It wasn’t until college that I learned how to code but practicing these skills helped grow my confidence in my engineering capabilities tremendously.

Each coding kit comes with the following:

  • HiFive Inventor mini-computer
  • Doctor Who and Tynker coding lessons
  • Thousands of activities and challenges
  • External speaker
  • Light up USB LED cable
  • External battery pack
  • Alligator clips

Each kit is powered by Tynker, the world’s #1 creative coding platform that is used worldwide by 60 million kids in over 90,000 schools. The HiFive Inventor is even equipped with WiFi and Bluetooth capability and has sensors that allow it to interact with the environment around you.

As our world continues to rely more heavily on automation, computers and technology to drive innovation, employers will continue to demand a highly skilled workforce with the problem solving capabilities that coding helps to foster. Further, it is increasingly likely that many jobs will require at least a basic level of coding. By exposing kids to these activities at a young age, we are setting them up to be the confident change-makers our world needs.

You can purchase your very own HiFive Inventor Coding Kit here.

Education, STEM Resources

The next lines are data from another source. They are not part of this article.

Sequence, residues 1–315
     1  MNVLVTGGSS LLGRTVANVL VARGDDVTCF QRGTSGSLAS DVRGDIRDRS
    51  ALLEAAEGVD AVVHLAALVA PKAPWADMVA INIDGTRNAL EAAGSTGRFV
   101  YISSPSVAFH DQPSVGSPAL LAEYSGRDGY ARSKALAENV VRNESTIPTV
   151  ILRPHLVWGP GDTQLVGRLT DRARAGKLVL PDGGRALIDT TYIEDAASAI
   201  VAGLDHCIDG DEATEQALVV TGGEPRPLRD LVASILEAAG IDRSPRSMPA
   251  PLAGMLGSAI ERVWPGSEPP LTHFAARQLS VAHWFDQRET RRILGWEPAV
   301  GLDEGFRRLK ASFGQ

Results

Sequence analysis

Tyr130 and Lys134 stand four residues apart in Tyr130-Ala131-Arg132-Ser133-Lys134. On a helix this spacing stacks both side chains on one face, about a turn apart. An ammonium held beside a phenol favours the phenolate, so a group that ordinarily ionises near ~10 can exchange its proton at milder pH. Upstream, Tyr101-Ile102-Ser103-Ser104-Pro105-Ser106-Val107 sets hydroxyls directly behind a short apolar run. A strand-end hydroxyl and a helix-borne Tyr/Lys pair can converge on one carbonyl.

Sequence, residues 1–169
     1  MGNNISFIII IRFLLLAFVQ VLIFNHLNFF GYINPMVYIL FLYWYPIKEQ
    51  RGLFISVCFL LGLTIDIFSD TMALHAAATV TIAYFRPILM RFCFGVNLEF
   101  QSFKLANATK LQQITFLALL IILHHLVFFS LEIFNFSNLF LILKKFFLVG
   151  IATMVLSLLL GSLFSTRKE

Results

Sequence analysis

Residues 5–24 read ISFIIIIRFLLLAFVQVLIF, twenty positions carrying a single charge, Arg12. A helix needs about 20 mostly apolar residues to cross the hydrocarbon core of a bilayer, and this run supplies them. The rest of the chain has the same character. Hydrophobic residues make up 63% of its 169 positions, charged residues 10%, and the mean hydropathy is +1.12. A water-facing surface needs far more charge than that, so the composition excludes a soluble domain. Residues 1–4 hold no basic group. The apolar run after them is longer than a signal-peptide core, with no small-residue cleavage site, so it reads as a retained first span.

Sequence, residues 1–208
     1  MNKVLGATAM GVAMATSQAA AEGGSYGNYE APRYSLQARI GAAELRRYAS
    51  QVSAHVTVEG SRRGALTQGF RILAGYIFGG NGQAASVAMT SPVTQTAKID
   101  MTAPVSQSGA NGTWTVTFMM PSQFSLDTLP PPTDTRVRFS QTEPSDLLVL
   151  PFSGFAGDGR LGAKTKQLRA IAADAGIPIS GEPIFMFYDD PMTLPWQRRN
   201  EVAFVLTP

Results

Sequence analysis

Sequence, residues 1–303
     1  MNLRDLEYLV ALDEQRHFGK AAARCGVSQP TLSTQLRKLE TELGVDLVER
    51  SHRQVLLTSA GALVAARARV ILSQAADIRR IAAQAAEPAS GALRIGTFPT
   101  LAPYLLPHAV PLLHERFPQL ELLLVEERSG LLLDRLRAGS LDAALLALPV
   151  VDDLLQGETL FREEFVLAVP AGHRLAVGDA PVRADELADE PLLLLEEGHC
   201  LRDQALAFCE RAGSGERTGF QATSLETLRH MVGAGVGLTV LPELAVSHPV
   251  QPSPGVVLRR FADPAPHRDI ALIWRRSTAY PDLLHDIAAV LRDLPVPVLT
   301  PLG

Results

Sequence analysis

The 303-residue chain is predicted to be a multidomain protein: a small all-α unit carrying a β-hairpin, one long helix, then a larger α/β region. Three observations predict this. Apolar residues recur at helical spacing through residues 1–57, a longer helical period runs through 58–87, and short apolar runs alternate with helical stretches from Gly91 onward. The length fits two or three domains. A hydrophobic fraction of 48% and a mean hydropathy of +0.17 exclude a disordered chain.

Professional Courses to Boost Your Resume

Are you an aerospace engineering professional looking to boost your resume? I have compiled a brief list of some short courses to help give you an edge in your career.

The American Institute of Aeronautics and Astronautics

AIAA On-Site Courses: Check out the website for a myriad of courses which your employer can bring right to your office from computational fluid dynamics (CFD) to model-based systems engineering to tactical and strategic missile guidance and so many more.

AIAA Online Education: Here you’ll find a long list of courses (of varying lengths) taught by industry experts. All courses are taught online, offering great flexibility.

The University of Kansas: KU Aerospace Short Courses

KU offers a wide variety of options for many disciplines within the aerospace profession. Check out the course catalog for the full list of 50+ classes with many options taught several times throughout the year and in multiple locations. Some examples are “Flight Test Principles and Practices”, “Structural Composites”, “Advanced Avionics” and “Project Management Fundamentals for Aerospace Professionals”. They also offer Certificates of Specialization with many specialties to choose from.